Fauci Makes Prediction On Fate Of Johnson & Johnson Vaccine


After several reports of blood clots developing in people who took the Johnson & Johnson CIVID-19 vaccine, U.S. health agencies called for a temporary halt on the shots.

The J&J vaccine was pulled off the market last week after officials announced that six women — out of some 7 million people inoculated — had experienced blood clots. But what was expected to be a pause of just a few days is still in effect.Dr. Anthony Fauci, the top immunologist in the U.S., predicted on Sunday that health officials will not pull the vaccine.

“My estimate is that we will continue to use it in some form. I doubt very seriously if they just cancel it,”  the director of the National Institute of Allergy and Infectious Diseases said on NBC’s “Meet the Press.”

“I do think that there will likely be some sort of warning or restriction or risk assessment. I don’t think it’s just going to go back and say, ‘OK, everything’s fine. Go right back,’” he said. “I think it’ll likely say, “OK, we’re going to use it but be careful under these certain circumstances.”A Centers for Disease Control and Prevention (CDC) advisory panel is expected to meet Friday to weigh whether the pause should be extended. The same group met Wednesday, but could not make a decision on the matter and instead delayed a vote pending more evidence.

Fauci said Sunday he expects federal health officials will make a decision in the Friday meeting.

“I think by that time we’re gonna’ have a decision. Though I don’t want to get ahead of the CDC and the and the FDA [Food and Drug Administration] and the advisory committee, but I would imagine that what we will see is that it would come back and it would come back in some sort of either wanting a restriction,” Fauci said later on Sunday on CNN’s “State of the Union.”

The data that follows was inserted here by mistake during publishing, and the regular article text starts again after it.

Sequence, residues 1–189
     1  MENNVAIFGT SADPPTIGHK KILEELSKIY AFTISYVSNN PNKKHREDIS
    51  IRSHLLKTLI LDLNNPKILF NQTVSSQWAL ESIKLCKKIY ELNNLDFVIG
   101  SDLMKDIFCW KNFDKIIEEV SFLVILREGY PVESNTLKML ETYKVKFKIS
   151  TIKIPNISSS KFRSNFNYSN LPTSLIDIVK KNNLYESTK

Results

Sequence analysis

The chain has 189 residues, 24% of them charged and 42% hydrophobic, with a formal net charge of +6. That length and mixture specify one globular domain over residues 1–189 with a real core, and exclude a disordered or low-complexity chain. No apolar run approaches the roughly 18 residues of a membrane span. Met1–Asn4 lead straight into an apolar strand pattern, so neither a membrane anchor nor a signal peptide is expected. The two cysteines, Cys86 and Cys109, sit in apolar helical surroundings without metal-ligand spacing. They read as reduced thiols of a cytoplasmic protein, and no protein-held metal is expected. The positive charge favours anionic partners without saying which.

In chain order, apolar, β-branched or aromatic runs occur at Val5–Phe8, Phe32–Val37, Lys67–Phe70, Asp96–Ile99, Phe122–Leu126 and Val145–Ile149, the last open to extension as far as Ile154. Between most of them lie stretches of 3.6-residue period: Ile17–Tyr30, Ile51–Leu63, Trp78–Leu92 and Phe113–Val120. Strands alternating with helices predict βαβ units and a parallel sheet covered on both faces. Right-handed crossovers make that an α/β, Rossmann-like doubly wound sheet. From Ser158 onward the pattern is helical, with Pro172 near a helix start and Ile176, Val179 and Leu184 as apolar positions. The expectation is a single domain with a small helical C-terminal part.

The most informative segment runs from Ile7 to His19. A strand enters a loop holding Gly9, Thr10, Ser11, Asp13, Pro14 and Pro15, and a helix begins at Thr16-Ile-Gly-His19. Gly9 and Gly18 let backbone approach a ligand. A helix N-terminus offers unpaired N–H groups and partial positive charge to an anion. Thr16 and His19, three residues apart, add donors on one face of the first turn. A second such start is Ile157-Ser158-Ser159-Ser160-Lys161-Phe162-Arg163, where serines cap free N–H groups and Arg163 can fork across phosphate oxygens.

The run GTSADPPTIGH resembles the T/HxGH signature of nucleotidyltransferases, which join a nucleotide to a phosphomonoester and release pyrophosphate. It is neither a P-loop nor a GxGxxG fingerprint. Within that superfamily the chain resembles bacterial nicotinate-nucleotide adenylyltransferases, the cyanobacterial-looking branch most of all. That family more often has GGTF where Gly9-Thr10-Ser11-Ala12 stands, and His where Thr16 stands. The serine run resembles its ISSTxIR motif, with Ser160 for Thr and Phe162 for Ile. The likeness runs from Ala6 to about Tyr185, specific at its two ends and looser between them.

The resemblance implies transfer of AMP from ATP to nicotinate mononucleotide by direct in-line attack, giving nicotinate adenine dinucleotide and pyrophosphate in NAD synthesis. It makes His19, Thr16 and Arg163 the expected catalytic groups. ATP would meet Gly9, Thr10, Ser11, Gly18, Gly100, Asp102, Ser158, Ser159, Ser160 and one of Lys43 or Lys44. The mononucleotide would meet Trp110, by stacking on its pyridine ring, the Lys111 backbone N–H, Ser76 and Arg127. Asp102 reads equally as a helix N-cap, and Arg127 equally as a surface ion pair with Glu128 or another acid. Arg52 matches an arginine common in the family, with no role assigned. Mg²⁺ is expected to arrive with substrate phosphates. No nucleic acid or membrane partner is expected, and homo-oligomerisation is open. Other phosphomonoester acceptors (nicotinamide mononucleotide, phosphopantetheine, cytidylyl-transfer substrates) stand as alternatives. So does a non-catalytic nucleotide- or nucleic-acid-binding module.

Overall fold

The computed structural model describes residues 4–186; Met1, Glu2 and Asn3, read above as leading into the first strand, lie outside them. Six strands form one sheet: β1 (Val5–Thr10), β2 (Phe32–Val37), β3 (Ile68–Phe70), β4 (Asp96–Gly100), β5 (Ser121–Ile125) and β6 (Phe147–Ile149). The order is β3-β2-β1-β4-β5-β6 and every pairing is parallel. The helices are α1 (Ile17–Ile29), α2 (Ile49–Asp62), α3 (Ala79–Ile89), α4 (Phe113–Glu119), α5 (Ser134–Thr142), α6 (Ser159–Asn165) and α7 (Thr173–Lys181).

“I hope that we don’t see anything extended beyond Friday. We need to get Friday some decision one way or the other,” Fauci added.

Fauci also predicted that experts will know by the end of the summer if a third booster shot will be needed for people who took the Pfizer or Moderna vaccines.

Pfizer CEO Albert Bourla said last week that people will “likely” need to take a third dose of a COVID-19 vaccine within 12 months of getting fully vaccinated and that many may need annual vaccinations against the virus.

“A likely scenario is that there will be likely a need for a third dose, somewhere between six and 12 months and then from there, there will be an annual revaccination, but all of that needs to be confirmed. And again, the variants will play a key role,” he said in comments that were taped April 1 but first aired Thursday. “But all of that needs to be confirmed, and again, the variants will play a key role.”

“It is extremely important to suppress the pool of people that can be susceptible to the virus,” Bourla said, according to CNBC. Bourla also said that coronavirus vaccines may need to be an annual event, echoing Johnson & Johnson CEO Alex Gorsky, who said the same thing in February.

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